by Chris Griffith
Written May 1993
Mr O'Regan was responding to reports that police were investigating alleged police illegal activity, misconduct, and official misconduct as the CJC referred back to the Service the processing of complaints against police.
However Mr O'Regan said the CJC sometimes gave police a role in investigating serious police internal complaints including alleged criminal offences.
"The investigation of some criminal offences [by police] may require an immediate response to preserve evidence and the commission gratefully accepts interim assistance by the Police Service in this regard," Mr O'Regan said.
"In other instances, in remote locations, the commission is agreeable to investigations being undertaken by [Police Service] commissioned officers nominated by the Regional Assistant Commissioner in consultation with the CJC," he said.
Last year the CJC agreed that the Police Service's Professional Standards Unit could handle less serious disciplinary matters which comprise around 80 percent of complaints. However investigations of serious allegations has remained firmly with the commission.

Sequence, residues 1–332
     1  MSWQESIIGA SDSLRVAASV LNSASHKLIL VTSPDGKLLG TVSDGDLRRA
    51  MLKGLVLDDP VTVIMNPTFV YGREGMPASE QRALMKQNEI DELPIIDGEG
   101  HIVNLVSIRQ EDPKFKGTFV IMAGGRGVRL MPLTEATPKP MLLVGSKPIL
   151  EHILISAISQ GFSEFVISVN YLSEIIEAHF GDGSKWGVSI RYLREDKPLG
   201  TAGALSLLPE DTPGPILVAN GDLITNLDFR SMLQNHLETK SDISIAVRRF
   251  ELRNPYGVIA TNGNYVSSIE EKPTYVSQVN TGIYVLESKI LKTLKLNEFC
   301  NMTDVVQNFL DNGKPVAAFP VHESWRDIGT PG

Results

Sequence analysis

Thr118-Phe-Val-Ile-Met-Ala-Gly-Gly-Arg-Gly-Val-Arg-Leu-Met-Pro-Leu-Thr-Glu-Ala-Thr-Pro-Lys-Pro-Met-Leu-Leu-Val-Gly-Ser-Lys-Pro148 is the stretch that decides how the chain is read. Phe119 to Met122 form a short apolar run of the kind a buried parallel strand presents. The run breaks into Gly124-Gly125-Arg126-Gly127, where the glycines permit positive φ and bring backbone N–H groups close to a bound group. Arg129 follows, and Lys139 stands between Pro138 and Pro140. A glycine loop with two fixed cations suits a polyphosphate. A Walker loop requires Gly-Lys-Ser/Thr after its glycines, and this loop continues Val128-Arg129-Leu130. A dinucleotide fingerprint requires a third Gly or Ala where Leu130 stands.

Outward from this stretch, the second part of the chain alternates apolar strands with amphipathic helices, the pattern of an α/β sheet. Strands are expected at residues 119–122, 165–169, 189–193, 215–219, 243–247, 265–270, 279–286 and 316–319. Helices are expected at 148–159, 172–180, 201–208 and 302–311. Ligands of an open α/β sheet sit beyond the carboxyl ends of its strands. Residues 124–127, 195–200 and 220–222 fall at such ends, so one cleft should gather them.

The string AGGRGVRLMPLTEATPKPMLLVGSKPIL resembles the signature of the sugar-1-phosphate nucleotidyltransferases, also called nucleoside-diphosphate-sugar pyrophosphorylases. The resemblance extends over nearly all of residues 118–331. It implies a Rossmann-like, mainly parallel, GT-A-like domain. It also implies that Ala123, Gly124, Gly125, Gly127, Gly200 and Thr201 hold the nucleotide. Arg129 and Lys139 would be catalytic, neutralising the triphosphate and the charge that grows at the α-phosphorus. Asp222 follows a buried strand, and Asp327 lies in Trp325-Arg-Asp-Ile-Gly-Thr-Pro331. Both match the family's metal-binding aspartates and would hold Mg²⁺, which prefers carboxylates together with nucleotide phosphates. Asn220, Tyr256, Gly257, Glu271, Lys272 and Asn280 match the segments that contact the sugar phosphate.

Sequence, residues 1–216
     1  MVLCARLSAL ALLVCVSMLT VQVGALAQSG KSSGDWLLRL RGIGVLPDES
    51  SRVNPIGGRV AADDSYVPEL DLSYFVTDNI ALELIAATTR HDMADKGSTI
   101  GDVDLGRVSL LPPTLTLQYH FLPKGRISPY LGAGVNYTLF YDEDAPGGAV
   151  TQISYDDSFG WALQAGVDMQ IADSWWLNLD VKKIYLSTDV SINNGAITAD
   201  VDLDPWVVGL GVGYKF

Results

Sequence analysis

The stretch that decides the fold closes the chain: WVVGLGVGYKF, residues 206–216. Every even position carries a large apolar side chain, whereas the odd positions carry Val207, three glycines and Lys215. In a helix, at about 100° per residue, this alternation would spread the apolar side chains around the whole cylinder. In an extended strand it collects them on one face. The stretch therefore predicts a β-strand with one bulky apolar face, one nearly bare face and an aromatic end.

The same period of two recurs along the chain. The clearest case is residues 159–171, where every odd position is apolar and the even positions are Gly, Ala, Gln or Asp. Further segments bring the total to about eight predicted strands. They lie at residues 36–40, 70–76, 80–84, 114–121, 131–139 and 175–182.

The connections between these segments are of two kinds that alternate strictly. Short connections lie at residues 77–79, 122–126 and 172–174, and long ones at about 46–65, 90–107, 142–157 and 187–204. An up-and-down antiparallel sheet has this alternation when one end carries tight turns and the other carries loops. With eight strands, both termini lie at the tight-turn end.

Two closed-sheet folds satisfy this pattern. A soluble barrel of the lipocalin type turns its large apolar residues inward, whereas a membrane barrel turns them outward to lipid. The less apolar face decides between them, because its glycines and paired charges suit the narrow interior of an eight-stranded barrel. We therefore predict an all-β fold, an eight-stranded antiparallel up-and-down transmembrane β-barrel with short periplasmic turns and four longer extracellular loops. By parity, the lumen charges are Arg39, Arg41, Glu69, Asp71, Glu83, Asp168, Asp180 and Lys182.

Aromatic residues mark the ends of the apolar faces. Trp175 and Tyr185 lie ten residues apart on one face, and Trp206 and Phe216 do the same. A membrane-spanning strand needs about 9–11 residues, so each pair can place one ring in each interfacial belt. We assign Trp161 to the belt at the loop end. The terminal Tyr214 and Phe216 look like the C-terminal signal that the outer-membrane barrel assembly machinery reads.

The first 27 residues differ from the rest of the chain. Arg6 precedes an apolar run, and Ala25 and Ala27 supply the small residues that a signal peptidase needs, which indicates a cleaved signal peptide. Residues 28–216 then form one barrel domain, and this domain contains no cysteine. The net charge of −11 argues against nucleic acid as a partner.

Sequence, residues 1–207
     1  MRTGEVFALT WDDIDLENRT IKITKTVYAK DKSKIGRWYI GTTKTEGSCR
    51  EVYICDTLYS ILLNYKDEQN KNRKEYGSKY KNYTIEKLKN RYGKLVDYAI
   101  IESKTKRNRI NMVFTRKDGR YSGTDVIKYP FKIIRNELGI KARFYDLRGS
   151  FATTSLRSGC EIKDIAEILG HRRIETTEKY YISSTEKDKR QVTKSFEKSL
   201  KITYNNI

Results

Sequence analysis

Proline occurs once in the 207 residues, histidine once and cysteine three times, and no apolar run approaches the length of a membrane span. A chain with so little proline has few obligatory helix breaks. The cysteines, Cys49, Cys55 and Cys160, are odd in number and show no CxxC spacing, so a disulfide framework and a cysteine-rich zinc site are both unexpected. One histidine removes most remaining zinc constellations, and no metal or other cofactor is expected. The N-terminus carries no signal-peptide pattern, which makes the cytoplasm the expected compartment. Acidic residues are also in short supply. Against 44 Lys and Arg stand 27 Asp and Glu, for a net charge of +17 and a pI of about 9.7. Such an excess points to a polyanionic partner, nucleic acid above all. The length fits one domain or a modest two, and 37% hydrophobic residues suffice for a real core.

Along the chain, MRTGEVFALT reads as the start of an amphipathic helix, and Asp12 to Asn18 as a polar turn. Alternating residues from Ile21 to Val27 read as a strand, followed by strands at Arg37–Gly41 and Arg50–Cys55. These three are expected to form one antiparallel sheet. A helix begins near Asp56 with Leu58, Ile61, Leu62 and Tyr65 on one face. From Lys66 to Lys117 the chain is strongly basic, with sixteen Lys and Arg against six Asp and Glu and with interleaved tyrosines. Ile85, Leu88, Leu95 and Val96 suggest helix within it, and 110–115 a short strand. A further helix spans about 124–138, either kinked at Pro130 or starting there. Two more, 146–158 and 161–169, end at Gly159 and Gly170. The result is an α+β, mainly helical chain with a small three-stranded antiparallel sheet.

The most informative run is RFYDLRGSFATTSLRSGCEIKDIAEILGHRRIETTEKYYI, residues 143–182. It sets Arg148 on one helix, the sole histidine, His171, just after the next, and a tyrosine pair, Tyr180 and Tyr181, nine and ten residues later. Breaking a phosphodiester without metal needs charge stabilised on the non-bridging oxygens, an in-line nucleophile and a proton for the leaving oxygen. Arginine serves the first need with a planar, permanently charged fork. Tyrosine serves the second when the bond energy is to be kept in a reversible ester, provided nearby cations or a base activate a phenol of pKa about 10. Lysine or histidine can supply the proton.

Mr O'Regan said this would not change.
"Allegations of official corruption and graft fall into a distinct category. They are invariably investigated by the CJC, and not the Police Service - that practice will certainly continue," Mr O'Regan said.
Police Union president Senior Sergeant John O'Gorman yesterday supported the CJC's role in investigating official misconduct, saying "that's the way it should be".
"It is extremely necessary there be a body like the CJC to oversee the investigation of complaints against police even if only to placate genuine public concerns about police hiding allegations," he said.